Like I said, you’d better check out Quarrels yourself. And, well, as a title ‘Quarrels’ might be somewhat misleading. There are no traces of anger or heated disputes present at all. With an album like this it’s hard, almost impossible to pick favourite tracks. Simply because they all are. That’s a fact. Fact #3.”
    Luna Kafe

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  • Apricot Rail "Quarrels" Reviewed at Mess + Noise

    “At the start of post-rock, Simon Reynolds coined the term to highlight the technical innovativeness of a particular set of bands and it worked. Music history doesn’t highlight this, but Slint’s Spiderland and Nirvana’s Nevermind were both released in 1991. One would become the mainstream archetype for rock music for the next five years, the other a touchstone for the underground response to alt-rock’s popularity. It sounds arcane and ridiculous, but there was a real sense of moving past rock there for a few years; with Nirvana and Melvins and Sonic Youth and Mudhoney and Helmet all on major labels, all in the popular mainstream, what more could there be left to build? For a brief moment, rock seemed like finished business. And then the whole thing collapsed and rock has pretty much been out of vogue ever since, which is where it belongs.

    The curious postscript to all this is that ‘post-rock’ stuck around and became a genre of sorts: mostly or entirely instrumental music, played by a rock ensemble, lots of effects, often with some sort of classical instrumentation: a violin, a cello or, in Apricot Rail’s case, a flute and clarinet. It may not be popular or critically admired or cool, but it has its audience and a network. There are post-rock bands in every Australian city and, like folk music, they all sound a little alike. I find it fascinating because folk art usually exists to maintain a verbal/lyrical conversation, but what do these bands have to say to each other and the people who like them?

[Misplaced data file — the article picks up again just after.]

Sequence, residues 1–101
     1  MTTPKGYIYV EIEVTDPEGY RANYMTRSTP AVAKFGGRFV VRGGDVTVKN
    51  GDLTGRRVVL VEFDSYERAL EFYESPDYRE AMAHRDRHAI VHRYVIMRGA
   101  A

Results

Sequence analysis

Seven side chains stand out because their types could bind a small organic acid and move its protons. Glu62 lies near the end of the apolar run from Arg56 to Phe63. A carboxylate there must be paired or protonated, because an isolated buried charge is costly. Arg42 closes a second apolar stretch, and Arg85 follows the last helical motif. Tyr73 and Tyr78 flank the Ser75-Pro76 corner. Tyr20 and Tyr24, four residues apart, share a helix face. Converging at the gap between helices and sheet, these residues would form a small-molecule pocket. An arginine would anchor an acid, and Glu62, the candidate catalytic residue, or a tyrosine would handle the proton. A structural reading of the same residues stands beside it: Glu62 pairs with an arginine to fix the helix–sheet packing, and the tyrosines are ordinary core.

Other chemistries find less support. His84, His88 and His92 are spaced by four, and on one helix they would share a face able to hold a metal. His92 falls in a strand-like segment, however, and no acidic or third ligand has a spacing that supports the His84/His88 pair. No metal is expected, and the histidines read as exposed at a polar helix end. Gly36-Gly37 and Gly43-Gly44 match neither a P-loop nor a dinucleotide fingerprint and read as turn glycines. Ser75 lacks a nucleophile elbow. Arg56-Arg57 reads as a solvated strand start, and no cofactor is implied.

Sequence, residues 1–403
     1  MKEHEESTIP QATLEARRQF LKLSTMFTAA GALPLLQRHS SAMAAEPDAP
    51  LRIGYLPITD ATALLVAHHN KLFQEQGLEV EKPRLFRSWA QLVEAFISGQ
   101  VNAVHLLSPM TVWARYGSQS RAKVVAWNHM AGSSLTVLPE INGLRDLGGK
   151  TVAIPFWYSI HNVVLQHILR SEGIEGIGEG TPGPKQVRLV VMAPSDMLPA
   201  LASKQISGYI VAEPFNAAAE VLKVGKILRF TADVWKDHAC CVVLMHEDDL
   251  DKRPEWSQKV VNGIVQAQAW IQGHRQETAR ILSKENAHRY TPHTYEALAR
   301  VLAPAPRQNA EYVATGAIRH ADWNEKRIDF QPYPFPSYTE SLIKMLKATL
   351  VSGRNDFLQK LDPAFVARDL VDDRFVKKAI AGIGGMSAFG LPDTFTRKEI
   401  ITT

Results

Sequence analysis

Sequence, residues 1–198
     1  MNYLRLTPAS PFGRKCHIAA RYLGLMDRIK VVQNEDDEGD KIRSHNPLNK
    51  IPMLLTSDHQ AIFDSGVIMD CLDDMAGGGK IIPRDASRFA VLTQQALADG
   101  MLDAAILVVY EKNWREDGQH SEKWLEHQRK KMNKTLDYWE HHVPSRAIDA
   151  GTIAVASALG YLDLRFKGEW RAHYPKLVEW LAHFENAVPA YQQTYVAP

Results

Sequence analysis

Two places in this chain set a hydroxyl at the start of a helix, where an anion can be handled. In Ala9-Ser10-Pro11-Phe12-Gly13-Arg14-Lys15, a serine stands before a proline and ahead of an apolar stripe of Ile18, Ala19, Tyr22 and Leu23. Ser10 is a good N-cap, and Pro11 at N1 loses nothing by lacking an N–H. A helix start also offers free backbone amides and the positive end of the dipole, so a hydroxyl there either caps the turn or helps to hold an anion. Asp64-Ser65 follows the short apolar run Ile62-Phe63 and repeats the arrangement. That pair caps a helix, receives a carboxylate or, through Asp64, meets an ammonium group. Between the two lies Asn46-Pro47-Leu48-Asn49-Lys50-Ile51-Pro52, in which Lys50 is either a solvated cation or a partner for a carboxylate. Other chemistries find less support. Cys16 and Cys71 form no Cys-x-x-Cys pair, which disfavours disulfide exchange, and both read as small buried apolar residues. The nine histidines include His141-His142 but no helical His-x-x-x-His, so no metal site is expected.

All this is a bit much to dump on Apricot Rail’s shoulders. The Perth six-piece lay out an extremely concise and textured second album with Quarrels, and for the most part it manages to evade many of my least favourite parts of post-rock. There are plenty of chiming harmonics and clean, delayed guitars, gently shifting arpeggios and a glockenspiel lead, but the band also sneak in a few surprises: the droned outro of ‘Cicadas Part Two’; the super intricate structure, almost sampled feel of ‘Third Balloon’; the weird electronics of ‘Eked’; and a dedication to shorter songs. The album was mixed by Scott Solter (Superchunk, The Mountain Goats) with a view to maximum headphone euphoria and the stereo spectrum is given a thorough workout, the band cutting in and out, left to right and back and forth. It comes off as beautiful and exacting, if a little cold. So exactly right then.

    Apricot Rail – ‘Basket Press’ by Hidden Shoal Recordings